Samyang 24mm F1.4 lens review: Best 24mm lens for Canon full-frame EOS users?

By Kevin Carter - Wednesday March 12 2014

Lens Review
Introduction | 24mm: Typical use | Best performing 24mm for the Canon EOS 5D Mark III | Samyang 24mm f/1.4 ED AS UMC Canon | Conclusion

Best performing 24mm for the Canon EOS 5D Mark III

Canon EF 24mm f/1.4L II USM15503119
Samyang 24mm f/1.4 ED AS UMC Canon6003114
Canon EF 24mm f/2.8 IS USM8002919
Carl Zeiss Distagon T 25mm f/2 ZE Canon17002717
Canon EF 24mm f/2.83562417

Top 3 performing 24mm lenses: 

Samyang 24mm f/1.4 ED AS UMC Canon vs Canon EF 24mm f/1.4L II USM vs Canon EF 24mm f/2.8 IS USM

The ultra-high speed Canon EF 24mm f1.4L II USM lens has an outstanding reputation, and it comes as little real surprise to see it as the best performing lens of its type on the Canon EOS 5D Mark III.

Revised six years ago now, this mark II model features 13 elements in 10 groups, including two molded aspherical elements and, unusually, two UD (low dispersion) glass elements to minimize CA. It was one of the first models to use the firm’s Sub-Wavelength structure Coating (SWC) in addition to the usual Super Spectra Coating (SSC) and also has a ‘floating’ mechanism to improve image quality at close range – it focuses to just 9.9’ (0.25m).

It’s a beautifully made lens with very good sharpness wide-open though inevitably the outer field is softer till f2.8 where it’s not far behind. Optimum performance is achieved between f4-5.6. It has some slight barrel bordering on complex distortion and heavy vignetting, but it’s no different in that respect to rivals. Suppression of chromatic aberration in a high-speed lens like this is a major concern for makers, and this model has slightly more in the outer field than you might expect. 

In joint first place is the Samyang with a 31-point DxOMark score but the lower peak sharpness places firmly it in second place overall. It has unusually low chromatic aberration at the initial aperture – there’s some noticeable in the corners but it’s slight. However, wide-open sharpness is lower than we hoped for – we’ll have more to say later.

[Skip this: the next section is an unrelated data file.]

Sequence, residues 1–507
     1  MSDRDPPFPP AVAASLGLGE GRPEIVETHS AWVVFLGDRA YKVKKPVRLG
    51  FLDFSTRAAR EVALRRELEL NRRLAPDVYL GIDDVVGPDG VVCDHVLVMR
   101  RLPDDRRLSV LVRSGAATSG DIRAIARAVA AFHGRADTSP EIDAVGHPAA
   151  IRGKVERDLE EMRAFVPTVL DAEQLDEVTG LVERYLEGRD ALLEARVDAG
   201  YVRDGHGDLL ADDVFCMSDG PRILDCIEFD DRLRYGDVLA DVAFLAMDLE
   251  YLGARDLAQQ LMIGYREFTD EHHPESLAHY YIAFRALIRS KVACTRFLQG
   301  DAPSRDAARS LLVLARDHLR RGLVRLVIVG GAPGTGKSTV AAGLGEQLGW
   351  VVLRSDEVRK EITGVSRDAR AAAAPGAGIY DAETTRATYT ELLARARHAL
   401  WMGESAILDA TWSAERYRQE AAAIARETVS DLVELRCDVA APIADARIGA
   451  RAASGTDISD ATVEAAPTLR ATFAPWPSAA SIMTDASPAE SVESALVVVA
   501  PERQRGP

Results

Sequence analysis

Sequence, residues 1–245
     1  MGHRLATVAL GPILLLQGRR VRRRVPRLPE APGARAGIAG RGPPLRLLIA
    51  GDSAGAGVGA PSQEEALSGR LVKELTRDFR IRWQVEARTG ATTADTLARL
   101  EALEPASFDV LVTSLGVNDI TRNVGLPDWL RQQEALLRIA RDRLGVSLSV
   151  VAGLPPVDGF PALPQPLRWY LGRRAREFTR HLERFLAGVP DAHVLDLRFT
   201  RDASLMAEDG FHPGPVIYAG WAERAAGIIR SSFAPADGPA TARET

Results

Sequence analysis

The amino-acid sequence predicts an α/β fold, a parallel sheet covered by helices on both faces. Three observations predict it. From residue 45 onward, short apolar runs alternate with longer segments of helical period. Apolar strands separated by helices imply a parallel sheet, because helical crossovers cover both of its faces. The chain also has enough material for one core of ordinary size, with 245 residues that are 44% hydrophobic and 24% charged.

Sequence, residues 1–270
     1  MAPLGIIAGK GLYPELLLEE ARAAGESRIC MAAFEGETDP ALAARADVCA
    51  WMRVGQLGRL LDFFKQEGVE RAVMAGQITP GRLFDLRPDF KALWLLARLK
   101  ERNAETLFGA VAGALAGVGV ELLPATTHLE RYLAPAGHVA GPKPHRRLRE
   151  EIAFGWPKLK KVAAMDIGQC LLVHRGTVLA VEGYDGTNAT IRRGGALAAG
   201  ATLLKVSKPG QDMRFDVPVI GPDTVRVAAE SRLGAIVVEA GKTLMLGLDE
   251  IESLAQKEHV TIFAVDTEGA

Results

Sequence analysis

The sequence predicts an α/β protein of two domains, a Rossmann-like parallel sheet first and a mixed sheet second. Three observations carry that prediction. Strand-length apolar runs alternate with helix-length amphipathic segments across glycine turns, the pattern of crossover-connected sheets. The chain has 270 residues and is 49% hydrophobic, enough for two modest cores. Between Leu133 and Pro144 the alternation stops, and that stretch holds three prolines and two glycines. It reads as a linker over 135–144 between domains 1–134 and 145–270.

In third place is Canon’s totally revised EF 24mm f2.8 IS USM. Not only does the new model feature 4-stop image stabilization (with the firm’s auto panning detection), making it suitable for video capture amongst other disciplines, it has a revised optical formula including a molded asphere and a minimum focusing distance of 7.87’ (0.2m).

At around $800 the revised model is not inexpensive but it’s a well-rounded lens in performance and features. It can match the EF 24mm f1.4L II USM for peak sharpness and performs similarly at every comparable aperture. That means wide-open, at f2.8, it has high sharpness across the image field.

In fourth place is the manual focus Zeiss Distagon T* 25mm f2.0 ZE. This model with its all-metal construction including a brass helicoid is a heavy if exceptionally well-made lens. Although it has an advanced optical construction of 11 elements in 10 groups, including four anomalous partial dispersion glass elements and one aspherical element, image quality still can’t quite match the others, although it has superior sharpness compared to the Samyang.

Full aperture performance is impressive. Although it has heavier vignetting, it has lower CA and better peripheral sharpness than the Canon at f2.0. Somewhat surprisingly, one stop down at f2.8 the outer field lags behind and doesn’t recover till f5.6 where it has excellent uniformity from there upwards.